The Secret to Solving Word Problems. Hint: It’s Not about Math
November 12, 2017
Solving word problems is far more about effective reading skills and far less about math.
You might be asking, then, why do so many strong readers fear solving word problems? Because, math word problems have a perception problem.
Why Students Fear Solving Word Problems
- Solving word problems doesn’t feel like it “follows a rule” the way it does when you solve an equation. That can feel overwhelming to students who lack confidence in math. They just don’t know how to get started. The good news for your readers is that there are rules they can follow (keep reading). Better still, the thinking they need to do is quite similar to the close reading that is required of them in English class. The key is to help them see it that way.
- In addition, a student’s math fear can be very physical and not just in the “stomach ache” sort of way. When we are nervous, our short-term memory can freeze up. Realistically, solving word problems usually requires students to juggle more information in short-term memory than solving an equation: reading multiple lines of text, identifying what is being asked, picking numbers to use, and setting up an equation. All before they even begin to “do math”. In short, that brain freeze might make them forget what they read, transcribe the wrong number, or write the wrong operation. They start to believe that they can’t do math, when what they really need is help with short-term memory.
First, Fix the Perception Problem
- Share this secret with your students: Learn one set of rules for solving word problems in elementary school. And then you can use that same set of rules in every math class going forward. All you need are good reading skills to get you started.
- It’s so important for your students to understand the difference between having difficulty with math and being nervous. Once they understand why “brain freeze” happens and that it has nothing to do with their math ability, they are less likely to view themselves as “bad at math”. And then give them the one strategy that will always help: WRITE DOWN EVERYTHING YOU CAN. Simple as that. The more you put on the paper, the less you need to keep in short-term memory, and the less likely you are to forget a step or make a mistake.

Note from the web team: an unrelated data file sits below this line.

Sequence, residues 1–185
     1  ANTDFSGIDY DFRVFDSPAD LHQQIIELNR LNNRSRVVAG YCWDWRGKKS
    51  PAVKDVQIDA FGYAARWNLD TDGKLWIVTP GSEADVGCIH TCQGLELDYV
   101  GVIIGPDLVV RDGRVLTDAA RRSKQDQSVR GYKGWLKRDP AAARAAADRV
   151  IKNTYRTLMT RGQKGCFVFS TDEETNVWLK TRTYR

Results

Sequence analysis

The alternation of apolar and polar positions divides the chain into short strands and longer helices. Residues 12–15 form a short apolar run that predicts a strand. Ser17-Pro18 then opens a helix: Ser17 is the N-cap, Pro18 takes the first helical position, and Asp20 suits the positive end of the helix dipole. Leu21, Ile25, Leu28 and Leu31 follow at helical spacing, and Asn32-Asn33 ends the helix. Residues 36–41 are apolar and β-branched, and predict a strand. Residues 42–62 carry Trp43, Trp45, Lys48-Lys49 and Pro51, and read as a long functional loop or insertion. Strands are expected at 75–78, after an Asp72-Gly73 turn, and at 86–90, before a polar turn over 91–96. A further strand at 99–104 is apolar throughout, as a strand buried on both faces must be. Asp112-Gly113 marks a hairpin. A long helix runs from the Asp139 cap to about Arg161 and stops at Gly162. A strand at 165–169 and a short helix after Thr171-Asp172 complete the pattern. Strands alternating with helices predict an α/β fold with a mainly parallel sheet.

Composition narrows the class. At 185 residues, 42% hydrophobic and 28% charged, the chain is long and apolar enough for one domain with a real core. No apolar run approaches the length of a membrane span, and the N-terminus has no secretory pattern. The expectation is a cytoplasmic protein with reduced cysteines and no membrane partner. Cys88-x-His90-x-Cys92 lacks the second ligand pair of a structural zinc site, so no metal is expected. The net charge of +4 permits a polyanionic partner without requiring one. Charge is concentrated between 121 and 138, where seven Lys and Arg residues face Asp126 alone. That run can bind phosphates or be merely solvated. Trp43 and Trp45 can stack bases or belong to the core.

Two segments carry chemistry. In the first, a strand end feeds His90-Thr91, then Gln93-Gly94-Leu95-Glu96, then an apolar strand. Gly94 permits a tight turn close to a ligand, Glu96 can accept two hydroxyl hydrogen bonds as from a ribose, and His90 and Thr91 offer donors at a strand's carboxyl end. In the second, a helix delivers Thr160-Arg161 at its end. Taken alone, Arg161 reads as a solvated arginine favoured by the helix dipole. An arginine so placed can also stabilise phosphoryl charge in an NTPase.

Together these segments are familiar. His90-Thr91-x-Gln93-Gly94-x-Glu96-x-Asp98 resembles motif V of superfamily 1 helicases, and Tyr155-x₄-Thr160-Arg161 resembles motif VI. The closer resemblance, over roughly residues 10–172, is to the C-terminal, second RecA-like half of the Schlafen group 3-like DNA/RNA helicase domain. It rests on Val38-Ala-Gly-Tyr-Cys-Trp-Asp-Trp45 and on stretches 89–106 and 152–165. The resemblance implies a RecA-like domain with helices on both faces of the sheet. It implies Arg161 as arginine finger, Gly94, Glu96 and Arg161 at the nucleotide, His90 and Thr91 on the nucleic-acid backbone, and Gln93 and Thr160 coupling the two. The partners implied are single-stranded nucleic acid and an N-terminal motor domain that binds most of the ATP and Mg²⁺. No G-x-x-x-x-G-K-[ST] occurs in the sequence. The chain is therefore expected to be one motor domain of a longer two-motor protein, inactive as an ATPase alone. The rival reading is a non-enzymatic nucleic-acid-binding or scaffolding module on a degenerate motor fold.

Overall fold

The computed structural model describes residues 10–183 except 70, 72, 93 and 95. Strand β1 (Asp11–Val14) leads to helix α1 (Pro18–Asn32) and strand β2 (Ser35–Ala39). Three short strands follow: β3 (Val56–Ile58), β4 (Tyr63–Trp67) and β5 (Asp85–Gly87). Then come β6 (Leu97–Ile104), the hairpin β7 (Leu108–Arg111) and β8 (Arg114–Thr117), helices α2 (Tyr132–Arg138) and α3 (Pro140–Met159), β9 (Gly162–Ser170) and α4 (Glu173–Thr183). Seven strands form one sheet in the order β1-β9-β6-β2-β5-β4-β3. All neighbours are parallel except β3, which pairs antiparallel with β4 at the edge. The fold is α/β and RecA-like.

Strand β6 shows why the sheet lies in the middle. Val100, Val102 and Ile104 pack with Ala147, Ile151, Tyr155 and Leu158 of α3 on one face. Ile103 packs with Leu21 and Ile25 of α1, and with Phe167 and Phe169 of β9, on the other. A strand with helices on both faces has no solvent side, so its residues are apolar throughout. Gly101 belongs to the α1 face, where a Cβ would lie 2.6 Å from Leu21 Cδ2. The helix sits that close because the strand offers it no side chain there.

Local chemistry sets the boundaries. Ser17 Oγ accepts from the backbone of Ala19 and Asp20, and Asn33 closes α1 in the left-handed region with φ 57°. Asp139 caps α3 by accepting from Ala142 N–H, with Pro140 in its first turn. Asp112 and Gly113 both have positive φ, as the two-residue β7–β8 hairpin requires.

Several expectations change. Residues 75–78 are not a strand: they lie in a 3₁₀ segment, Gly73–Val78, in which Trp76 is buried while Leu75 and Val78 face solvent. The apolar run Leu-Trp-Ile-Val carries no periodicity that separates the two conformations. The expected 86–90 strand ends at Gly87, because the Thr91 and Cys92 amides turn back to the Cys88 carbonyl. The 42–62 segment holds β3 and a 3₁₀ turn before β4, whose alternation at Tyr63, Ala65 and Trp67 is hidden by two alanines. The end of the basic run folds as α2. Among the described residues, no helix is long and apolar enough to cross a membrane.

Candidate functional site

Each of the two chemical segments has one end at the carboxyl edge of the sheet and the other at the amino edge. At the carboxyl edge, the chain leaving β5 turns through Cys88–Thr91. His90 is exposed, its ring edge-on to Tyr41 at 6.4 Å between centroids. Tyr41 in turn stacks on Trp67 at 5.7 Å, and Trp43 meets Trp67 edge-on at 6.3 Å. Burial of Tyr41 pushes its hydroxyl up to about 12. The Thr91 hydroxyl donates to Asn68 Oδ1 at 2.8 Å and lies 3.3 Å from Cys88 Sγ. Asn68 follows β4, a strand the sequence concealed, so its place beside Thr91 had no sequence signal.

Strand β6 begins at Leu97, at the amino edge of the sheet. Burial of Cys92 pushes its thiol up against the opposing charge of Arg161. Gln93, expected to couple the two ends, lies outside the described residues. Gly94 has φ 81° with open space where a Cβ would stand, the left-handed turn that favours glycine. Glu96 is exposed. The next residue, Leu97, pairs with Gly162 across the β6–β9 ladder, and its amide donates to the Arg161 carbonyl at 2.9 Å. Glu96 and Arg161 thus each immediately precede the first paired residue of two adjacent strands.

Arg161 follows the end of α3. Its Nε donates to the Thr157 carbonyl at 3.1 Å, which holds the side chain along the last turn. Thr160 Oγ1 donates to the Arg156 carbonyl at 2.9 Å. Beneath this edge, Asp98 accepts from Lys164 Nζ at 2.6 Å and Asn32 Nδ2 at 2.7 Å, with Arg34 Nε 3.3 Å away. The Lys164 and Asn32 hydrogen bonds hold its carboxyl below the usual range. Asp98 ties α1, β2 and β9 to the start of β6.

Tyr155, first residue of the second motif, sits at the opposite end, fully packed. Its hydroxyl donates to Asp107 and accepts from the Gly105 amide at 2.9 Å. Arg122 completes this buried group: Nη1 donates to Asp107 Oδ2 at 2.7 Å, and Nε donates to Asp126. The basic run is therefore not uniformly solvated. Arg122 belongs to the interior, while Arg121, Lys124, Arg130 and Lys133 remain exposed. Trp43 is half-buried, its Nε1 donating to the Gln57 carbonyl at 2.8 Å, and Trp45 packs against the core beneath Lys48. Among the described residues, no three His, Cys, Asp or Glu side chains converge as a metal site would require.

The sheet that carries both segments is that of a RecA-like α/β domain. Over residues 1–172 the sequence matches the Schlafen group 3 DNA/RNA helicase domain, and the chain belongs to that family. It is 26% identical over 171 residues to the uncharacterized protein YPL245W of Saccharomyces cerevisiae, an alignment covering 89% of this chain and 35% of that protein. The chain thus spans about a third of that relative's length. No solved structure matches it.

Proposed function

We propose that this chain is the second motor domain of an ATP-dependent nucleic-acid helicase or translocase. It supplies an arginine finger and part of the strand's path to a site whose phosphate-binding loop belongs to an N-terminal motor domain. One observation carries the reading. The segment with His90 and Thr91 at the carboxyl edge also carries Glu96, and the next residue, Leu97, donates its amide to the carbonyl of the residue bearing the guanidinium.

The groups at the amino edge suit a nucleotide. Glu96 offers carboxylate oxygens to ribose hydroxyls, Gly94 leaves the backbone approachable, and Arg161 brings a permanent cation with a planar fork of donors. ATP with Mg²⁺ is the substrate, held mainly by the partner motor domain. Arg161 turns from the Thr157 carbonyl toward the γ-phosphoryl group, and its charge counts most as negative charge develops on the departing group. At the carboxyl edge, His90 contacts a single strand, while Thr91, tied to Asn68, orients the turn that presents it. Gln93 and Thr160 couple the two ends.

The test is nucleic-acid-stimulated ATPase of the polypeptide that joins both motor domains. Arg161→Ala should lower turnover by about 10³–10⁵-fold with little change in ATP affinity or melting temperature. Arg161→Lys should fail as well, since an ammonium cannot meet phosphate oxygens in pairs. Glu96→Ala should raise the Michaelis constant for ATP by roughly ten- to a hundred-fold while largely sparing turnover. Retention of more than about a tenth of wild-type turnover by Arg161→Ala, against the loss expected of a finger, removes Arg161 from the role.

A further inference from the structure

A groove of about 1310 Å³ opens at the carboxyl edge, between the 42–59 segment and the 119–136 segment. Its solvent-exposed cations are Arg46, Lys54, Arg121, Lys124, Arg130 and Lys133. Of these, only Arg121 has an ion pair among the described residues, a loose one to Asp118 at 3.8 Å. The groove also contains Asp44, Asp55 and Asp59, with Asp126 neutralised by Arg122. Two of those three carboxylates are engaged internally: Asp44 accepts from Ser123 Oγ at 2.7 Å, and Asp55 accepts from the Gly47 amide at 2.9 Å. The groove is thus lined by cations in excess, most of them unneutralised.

Reliable Rules for Solving Math Word Problems
Now that you and your students have a clear sense of why they might struggle with solving word problems, here’s a reliable set of rules they can follow to solve any problem.
- Mark up the question. Circle the numbers you will use. Lightly cross out information you don’t need. Underline exactly what you are asked to find. (e.g. If the question asks which student is tallest, your answer should be a name, not a number.) Use the same annotating skills you use in English class.
- Draw a picture. You don’t need to be an artist. For many students, there’s truth to the saying “a picture is worth a thousand words”. Pictures help most students visualize the problem. It clarifies what they are given and what they need to find. This strategy is particularly good for students with strong visual memory.
- Use colored pencils. Good mathematicians use color to help them distinguish numbers and objects more easily.
- Use graph paper, a ruler or protractor. If it helps you to have an accurate picture, use the most common math tools. Your teacher might not have them available to you, but if you have them, most teachers will allow you to use them. Numbers 3 and 4 are particularly important for students who need help with spatial perception.
- Estimate before solving. Before you dive in and solve, know what you expect your answer to be. Then if your final answer isn’t close, you’ll need to go back and find your mistake. If it’s within the range, chances are you did most, if not all, of the problem correctly. This is particularly important for students with weaker abstract reasoning.
- Check your work. Have a plan for how you will check your work. Checking your work can be tedious, but some teachers estimate that as many as 50% of math mistakes are “careless errors“. That number might be high, but there’s no doubt that checking work will improve grades. This is critical for students with weaker attention.
Note: Above we use the terms short-term memory and working memory interchangeably. Working memory is a little more complex, as it assesses a student’s ability to not only remember information but also to apply it. The Mindprint Assessment measures working memory. Learn more about working memory.